2016-17 Bulls Season Review
The Bulls season was one big roller coaster from start to finish. It began with the offseason acquisitions of Rajon Rondo and Dwyane Wade to form the "Three Alphas" along with Jimmy Butler. Despite getting criticized for those moves, the Bulls started out surprisingly well. Eventually, though, they regressed into the mediocre team with deficient spacing that they were destined to be after bringing in non-shooters Rondo and Wade to play alongside Butler.
Friction and dysfunction started to emerge within the team, as Butler and Wade clashed with Rondo and some of the younger players. Butler, who had another very good season overall, was also involved in some trade speculation as the trade deadline neared.
After clinging on to one of the lower playoff spots for the longest time, the Bulls were on the verge of dropping out of the race in mid-March. But then, Rondo suddenly emerged as the team’s catalyst and led them to a late-season run to clinch the No. 8 seed with a 41-41 record.
Rondo carried that form over to the playoffs, as the Bulls shockingly took the first two games off the top-seeded Celtics. Unfortunately, he broke his wrist, and the Bulls’ hopes of an upset went down with him.
All things considered, the Bulls basically performed as inconsistently as expected from their poorly-built roster. But the big question for the Bulls heading into the offseason is whether that promising end-of-season run is justification enough to keep this team - specifically, the Three Alphas - together for another season or if they should finally shake things up.
Quick Offseason Breakdown
Potential Free Agents: Nikola Mirotic (Restricted), Joffrey Lauvergne (Restricted), Michael Carter-Williams (Restricted), Cristiano Felicio (Restricted), Dwyane Wade (Player Option)
Partial/Non-Guaranteed Contracts: Rajon Rondo, Isaiah Canaan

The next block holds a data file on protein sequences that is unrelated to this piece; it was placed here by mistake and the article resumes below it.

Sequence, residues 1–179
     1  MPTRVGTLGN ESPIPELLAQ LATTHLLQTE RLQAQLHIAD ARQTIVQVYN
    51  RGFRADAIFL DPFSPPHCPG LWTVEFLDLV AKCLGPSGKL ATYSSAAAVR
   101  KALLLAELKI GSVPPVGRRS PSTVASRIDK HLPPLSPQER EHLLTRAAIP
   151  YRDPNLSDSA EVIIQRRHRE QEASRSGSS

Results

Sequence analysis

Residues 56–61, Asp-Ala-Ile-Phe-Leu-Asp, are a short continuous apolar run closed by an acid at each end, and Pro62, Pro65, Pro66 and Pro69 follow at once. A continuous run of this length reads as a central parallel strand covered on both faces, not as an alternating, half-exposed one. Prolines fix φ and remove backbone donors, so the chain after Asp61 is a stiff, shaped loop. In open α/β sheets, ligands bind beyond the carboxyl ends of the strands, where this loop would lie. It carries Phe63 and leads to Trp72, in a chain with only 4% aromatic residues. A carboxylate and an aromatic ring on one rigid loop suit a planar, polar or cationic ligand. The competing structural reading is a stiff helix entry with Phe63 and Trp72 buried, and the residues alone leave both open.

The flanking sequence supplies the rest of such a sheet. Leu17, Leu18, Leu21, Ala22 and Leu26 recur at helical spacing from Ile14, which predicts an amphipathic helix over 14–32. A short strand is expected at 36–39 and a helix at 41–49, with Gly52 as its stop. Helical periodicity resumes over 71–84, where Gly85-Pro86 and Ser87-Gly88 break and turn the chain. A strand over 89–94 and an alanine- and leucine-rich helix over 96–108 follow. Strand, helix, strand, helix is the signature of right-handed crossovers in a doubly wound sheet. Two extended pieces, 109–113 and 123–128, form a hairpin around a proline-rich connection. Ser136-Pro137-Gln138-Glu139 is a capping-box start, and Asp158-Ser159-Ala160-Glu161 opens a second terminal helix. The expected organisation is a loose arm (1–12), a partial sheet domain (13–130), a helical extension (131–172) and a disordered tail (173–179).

2017 Draft Picks (2): #16, #38
Projected Cap Space: ~$5 million
There’s a scenario where the Bulls can open up a ton of cap space this offseason. They have $30 million tied to cap holds of free agents. Meanwhile, Wade has a $24 million player option, while Rondo’s $13 million deal for next season is guaranteed for only $3 million. They can have some $50 million in space if they renounce all their free agents, Wade opts out, and they cut Rondo before June 30.
Unfortunately, though, all indications are that Wade will in fact opt in, and that Bulls management is leaning toward keeping Rondo. They can still free up close to $20 million in space if they renounce their free agent holds, but that number will be significantly lessened if they try to keep Mirotic and Felicio.
Biggest Offseason Priorities
1. Make mind up about Jimmy Butler’s future
If the Bulls have any plans to trade Jimmy Butler, this offseason is probably going to be the best time to do it. He’ll be 27, with two years left on a relative bargain of a contract for a superstar in his prime. The Bulls said no to the advances of the Celtics back in February, but with Boston winning the lottery, Chicago may be more inclined to talk this time around if that No. 1 pick is part of the deal.